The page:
Skip to main content

Ground-Level Ozone (O3) Pollution

There are two kinds of ozone:

  1. High-altitude ozone or the “good ozone” that is high up in the atmosphere and forms a protective barrier around the Earth from the Sun’s harmful ultraviolet rays.
  2. Ground-level ozone or the “bad” ozone that forms closer to the Earth in the air we breathe. This ozone is not usually emitted directly, but rather forms from chemical reactions between oxides of nitrogen (NOx ) and volatile organic compounds (VOCs) in sunlight. The term “ozone” is not to be confused with “smog,” another type of pollution that consists of ground-level ozone and other gaseous and particulate pollution. 

Ground-level ozone (O3 ) is regulated by EPA. Ground-level ozone comes from pollution emitted from cars, power plants, industrial boilers, refineries, and chemical plants. Ozone pollution can even come from paints, cleaners, solvents, and motorized lawn equipment. For this reason, levels of ground-level ozone tend to be the highest near urban centers as opposed to rural areas. In Arizona, ground-level ozone is primarily concentrated in Maricopa County, where most urban centers are located. However, ozone pollution can easily be transported or carried over rural areas outside cities.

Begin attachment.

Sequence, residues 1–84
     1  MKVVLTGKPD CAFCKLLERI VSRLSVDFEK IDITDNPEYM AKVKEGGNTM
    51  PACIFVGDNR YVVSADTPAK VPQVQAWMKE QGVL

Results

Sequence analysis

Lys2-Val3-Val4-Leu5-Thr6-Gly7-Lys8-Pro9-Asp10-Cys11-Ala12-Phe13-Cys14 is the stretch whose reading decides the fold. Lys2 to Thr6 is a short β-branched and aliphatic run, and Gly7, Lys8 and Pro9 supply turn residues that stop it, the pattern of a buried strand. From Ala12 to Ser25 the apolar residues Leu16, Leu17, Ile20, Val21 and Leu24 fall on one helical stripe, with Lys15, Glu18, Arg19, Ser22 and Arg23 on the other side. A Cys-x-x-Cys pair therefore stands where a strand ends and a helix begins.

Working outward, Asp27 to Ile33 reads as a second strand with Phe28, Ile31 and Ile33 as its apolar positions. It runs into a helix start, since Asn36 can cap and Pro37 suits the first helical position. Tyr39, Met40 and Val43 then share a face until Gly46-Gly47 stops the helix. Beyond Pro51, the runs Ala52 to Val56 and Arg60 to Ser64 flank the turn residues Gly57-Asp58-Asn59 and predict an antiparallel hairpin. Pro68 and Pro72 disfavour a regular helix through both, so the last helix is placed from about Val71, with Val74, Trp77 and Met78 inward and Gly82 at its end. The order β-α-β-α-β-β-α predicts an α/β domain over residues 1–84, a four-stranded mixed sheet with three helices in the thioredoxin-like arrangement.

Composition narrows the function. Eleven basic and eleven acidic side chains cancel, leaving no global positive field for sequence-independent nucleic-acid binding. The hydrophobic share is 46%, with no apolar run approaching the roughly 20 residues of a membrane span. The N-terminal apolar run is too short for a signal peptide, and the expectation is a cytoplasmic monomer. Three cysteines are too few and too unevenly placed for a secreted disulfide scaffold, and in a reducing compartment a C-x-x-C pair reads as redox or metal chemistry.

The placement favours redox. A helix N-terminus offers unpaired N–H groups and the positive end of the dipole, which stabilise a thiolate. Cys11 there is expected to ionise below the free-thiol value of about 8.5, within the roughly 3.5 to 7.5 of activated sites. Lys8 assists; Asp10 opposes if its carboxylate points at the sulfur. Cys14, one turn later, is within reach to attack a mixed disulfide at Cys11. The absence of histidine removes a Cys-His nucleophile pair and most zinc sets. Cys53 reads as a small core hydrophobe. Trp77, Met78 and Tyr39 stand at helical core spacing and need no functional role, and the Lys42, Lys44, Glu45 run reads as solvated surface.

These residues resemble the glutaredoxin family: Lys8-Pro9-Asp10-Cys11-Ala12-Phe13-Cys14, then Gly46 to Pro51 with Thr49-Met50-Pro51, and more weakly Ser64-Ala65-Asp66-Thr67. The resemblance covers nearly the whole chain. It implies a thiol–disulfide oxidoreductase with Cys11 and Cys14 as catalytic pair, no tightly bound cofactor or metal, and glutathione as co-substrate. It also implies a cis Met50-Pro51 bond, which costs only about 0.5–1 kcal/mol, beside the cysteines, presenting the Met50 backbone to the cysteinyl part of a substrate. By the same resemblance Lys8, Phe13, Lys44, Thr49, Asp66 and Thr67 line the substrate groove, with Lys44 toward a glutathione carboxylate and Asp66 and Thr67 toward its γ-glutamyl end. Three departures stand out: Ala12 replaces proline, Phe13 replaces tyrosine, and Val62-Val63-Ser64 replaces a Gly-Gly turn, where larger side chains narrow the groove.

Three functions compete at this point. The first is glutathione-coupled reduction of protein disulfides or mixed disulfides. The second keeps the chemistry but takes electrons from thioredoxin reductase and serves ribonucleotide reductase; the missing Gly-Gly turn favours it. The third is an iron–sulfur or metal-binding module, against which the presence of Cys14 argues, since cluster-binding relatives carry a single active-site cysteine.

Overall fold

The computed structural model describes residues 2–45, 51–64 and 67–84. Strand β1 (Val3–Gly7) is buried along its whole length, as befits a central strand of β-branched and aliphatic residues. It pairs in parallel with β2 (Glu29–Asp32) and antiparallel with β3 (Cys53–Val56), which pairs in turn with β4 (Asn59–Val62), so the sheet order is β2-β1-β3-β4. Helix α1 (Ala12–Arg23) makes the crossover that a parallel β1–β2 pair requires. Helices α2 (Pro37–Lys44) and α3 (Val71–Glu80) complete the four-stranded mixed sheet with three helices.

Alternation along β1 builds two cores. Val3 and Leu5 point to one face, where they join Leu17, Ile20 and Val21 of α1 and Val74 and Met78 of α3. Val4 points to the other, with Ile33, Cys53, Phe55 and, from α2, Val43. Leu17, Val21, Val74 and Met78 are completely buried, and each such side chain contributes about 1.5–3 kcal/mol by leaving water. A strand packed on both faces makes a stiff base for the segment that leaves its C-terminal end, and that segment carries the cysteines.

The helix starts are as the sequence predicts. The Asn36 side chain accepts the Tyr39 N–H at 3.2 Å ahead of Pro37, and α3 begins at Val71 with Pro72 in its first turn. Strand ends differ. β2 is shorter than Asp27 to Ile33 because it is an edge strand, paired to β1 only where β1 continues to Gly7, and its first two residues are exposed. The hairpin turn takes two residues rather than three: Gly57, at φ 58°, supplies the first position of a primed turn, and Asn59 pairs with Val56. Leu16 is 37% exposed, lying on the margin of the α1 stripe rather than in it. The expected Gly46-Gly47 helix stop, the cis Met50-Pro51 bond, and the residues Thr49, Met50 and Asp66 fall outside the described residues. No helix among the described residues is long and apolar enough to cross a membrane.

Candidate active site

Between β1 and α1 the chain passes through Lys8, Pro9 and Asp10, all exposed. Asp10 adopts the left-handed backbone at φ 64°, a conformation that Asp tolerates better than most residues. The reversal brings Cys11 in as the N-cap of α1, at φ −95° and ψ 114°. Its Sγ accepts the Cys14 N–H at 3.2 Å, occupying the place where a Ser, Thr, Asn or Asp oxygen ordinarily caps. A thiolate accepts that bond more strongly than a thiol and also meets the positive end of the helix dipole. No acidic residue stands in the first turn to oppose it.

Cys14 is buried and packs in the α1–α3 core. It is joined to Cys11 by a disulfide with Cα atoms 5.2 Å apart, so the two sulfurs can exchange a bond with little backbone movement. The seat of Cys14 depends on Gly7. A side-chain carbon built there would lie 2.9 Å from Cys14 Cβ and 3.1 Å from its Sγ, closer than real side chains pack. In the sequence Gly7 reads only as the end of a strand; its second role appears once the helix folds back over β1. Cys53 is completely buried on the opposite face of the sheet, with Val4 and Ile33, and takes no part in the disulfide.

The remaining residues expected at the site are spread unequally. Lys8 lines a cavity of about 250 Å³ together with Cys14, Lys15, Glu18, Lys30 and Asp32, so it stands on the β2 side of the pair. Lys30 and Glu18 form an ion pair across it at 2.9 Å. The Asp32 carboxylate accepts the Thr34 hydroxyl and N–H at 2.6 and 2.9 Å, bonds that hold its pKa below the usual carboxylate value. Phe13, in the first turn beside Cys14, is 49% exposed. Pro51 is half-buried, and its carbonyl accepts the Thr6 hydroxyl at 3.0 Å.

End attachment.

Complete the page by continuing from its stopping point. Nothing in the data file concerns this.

Health and Welfare Effects

Ozone can be particularly dangerous and abundant on hot days in an urban area. Exposure to ozone can make it very difficult to breathe and cause coughing and shortness of breath. It can lead to worse conditions like damaged airways, chronic bronchitis, asthma, and emphysema. Even if symptoms have disappeared, ozone can continue to damage the lungs. 

Ground-level ozone can also damage vegetation and ecosystems. The pollutant can cause mass die-off in crops, reducing growth and increasing disease.

Historically, Arizona’s ozone levels have decreased thanks to pollution controls outlined in SIPs and enforced by state and federal air quality departments.

Ozone Plans

EPA established new ozone standards in 2015. The Yuma and Phoenix-Mesa areas are currently designated nonattainment and classified as “marginal” for the 2015 8-hour ozone standard. The Phoenix-Mesa area is also designated nonattainment and classified as “moderate” for the 2008 8-hour ozone standard. See our e-Map for the Ground-level Ozone nonattainment and maintenance areas | View e-Map > 

Maricopa/Pinal County

2017 Maricopa 8-Hour Ozone Moderate Nonattainment Area Plan (Phoenix-Mesa 2008 Ozone Area) | View/Download >

Maricopa/Pinal/Gila County

2020 Maricopa Eight-Hour Ozone Marginal Nonattainment Area Plan (Phoenix-Mesa 2015 Ozone Area) | View/Download >

Yuma County

2020 Yuma Eight-Hour Ozone Marginal Nonattainment Area Plan (Yuma 2015 Ozone Area) | View/Download >